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July 30, 2017
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Watching the UV beads change

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Melissa showing students from Monkey River the beads that react to UV

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Melissa and a new friend from Monkey River

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Students at Monkey River are happy to have a new book about Crocodiles signed by Sharon Matola at the Zoo

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Students from Monkey River sining for us after we sang Itsy Bitsy Spider with them.

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Jennifer, Brittany and Kelly showing off the quilt that the students made with them.

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chocolate tour

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Cahty, Noelle and Jennifer tasting the chocolate we helped grind.

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Beautiful insect we found on the night hike

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Dragonhead Bug – Jason’s favorite!

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Looking at an insect with Jason

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Birdwalk!

Nerves were high sleeping at the Jaguar Preserve, but the overnight thunderstorm and sound of rain falling on the roof through the night helped many of us sleep. After a bird walk and breakfast in the morning, we loaded up the bus and headed back down the bumpy dirt road to a boat that took us across to Monkey River. Monkey River is a small village surrounded by the beautiful blue Caribbean Sea. We wondered what to expect as even Liz did not know how many children would be waiting to see us. After being greeted by three teachers from the village who were previous Educators of Excellence, we walked to the community center where the children leapt up into our arms giving us hugs and showing us how excited they were to see us.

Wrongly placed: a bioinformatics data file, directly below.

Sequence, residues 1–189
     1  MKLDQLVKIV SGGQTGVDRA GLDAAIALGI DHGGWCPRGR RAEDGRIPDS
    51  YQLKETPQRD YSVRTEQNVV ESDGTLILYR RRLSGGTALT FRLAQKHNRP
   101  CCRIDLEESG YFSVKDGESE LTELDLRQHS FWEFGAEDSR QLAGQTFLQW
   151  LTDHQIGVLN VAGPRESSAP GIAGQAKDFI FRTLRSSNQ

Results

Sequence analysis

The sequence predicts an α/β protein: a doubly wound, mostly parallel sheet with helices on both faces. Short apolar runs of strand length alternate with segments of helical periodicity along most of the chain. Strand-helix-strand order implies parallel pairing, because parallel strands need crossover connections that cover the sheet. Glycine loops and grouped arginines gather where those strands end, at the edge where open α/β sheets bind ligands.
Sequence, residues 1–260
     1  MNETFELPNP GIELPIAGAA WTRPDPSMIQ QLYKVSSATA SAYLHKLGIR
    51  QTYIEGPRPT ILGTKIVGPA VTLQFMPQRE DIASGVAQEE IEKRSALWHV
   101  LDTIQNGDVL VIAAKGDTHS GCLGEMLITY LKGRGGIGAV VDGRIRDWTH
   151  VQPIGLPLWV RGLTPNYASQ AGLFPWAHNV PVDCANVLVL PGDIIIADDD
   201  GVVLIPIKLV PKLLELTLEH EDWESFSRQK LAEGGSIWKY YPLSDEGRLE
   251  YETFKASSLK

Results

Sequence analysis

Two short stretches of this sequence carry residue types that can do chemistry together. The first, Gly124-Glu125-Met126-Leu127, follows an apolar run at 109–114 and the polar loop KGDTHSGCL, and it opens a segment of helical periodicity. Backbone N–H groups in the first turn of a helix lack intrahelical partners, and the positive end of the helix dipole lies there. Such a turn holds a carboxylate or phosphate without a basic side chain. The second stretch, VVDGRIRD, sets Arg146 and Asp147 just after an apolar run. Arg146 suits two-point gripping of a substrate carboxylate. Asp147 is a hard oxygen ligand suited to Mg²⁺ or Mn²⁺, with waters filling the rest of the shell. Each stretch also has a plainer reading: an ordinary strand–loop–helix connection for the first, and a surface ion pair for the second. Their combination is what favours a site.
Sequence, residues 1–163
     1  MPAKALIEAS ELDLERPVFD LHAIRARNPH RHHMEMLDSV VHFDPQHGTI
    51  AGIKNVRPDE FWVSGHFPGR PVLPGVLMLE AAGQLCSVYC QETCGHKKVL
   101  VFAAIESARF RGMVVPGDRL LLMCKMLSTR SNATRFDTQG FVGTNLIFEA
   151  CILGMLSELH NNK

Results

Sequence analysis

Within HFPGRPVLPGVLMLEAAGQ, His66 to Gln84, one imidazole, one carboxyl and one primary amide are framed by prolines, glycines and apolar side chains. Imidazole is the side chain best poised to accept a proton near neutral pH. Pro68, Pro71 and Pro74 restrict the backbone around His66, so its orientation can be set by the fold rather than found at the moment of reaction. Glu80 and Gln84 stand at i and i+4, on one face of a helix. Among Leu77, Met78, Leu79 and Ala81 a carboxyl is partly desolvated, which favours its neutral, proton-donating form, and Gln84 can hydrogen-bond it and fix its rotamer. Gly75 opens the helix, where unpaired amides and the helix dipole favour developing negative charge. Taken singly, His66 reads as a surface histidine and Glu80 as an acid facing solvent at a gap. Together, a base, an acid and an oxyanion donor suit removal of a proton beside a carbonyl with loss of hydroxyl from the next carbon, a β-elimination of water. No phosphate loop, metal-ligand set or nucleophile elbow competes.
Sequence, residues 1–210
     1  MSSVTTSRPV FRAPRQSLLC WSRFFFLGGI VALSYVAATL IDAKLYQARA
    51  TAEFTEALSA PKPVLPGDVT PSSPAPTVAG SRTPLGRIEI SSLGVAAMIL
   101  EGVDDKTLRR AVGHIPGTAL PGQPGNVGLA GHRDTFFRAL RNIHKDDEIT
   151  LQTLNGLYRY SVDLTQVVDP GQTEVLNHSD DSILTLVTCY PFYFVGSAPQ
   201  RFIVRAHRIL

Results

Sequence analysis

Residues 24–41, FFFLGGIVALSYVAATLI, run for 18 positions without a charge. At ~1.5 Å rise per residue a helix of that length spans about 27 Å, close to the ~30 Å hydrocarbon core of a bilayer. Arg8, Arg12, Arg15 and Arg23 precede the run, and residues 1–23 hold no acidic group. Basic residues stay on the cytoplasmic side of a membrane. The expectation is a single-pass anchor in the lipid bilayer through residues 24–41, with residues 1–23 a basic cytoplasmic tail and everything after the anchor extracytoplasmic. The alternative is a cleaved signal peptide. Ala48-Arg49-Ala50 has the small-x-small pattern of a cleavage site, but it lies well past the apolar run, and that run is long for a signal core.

We quickly split into our four groups, broke the children up by age, and began our lessons. Groups created paper helicopters to be dropped from the balcony, a solar balloon, bracelets representing the parts of the ecosystem, and a quilt of hand drawn Belizian animals. One child around the age of four saw a picture of a jaguar and shared with us that her grandfather had killed one because it had become a problem for his farm. This brought the importance of Sharon Matola’s jaguar rehabilitation program to life. The children sang a song for us, we presented them with the picture, chapter, and nonfiction books we were donating, and headed back across the water and towards Cockscomb.

Before heading back to our dorms, we stopped at Che’il. Meaning “wild Mayan,” Che’il is a Mayan chocolate company run by Julio Saqui at the Mayan Center. Julio’s brother, one of the cacao farmers in the village, gave us a tour. Julio educated us about how cacao is grown, the history of chocolate in the Mayan culture and the country of Belize. He then cracked open a cacao fruit to allow us to see and taste the raw seeds, which were covered in pulp that tasted like mango. Julio then took us back into the small room where he makes the chocolate.

Six years ago when he started, he was able to make the bars in the traditional Mayan way. Julio has since created his own modern equipment for making his chocolate more efficiently. We all had the opportunity to grind the cacao beans into liquid, the first step in making chocolate. After tasting some of Julio’s completely organic, preservative free, 80% dark chocolate, he invited us upstairs for homemade dinner. Here, Julio shared with us the story of how the village was relocated out of the land that is now the Jaguar Preserve to the Mayan Center. This story was relatable to how the Europeans forced the Native Americans out of their homes in the United States. We returned to our dorms as night fell and reflected on how this journey has shaped us both personally and professionally.

Photos coming soon!

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2 Comments leave one →
  1. Spencer Peters permalink
    July 31, 2017 8:02 am

    What is the traditional Mayan way of making chocolate?

    • July 31, 2017 9:11 am

      First they harvest the cacao pods which hold the beans. The beans are covered in pulp which taste like mango. That pulp helps the beans to ferment over six days in a wooden box. After the beans ferment, they dry them out. When you crack the dried beans open you find cacao nibs which are like a natural chocolate chip but very very bitter. Then, they they take the nibs and put them on a large stone and grind them for an hour and 45 minutes using another stone. This is when sugar is added as well as cacao oil, but not a lot. The oil in th nibs is released and it turns to liquid. The liquid is poured into a mold and cooled. It is absolutely delicious but melts quickly because there are no preservatives.

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